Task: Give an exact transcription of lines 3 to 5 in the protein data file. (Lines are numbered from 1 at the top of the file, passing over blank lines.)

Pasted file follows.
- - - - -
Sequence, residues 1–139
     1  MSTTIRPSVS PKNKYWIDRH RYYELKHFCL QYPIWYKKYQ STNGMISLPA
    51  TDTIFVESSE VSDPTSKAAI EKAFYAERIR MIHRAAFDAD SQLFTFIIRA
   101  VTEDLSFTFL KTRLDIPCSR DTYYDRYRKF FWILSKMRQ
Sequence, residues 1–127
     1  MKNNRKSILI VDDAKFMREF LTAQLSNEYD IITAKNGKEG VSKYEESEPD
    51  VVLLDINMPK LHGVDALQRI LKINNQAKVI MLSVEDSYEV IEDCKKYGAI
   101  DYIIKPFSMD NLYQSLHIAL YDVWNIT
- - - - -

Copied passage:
    51  TDTIFVESSE VSDPTSKAAI EKAFYAERIR MIHRAAFDAD SQLFTFIIRA
   101  VTEDLSFTFL KTRLDIPCSR DTYYDRYRKF FWILSKMRQ
Sequence, residues 1–127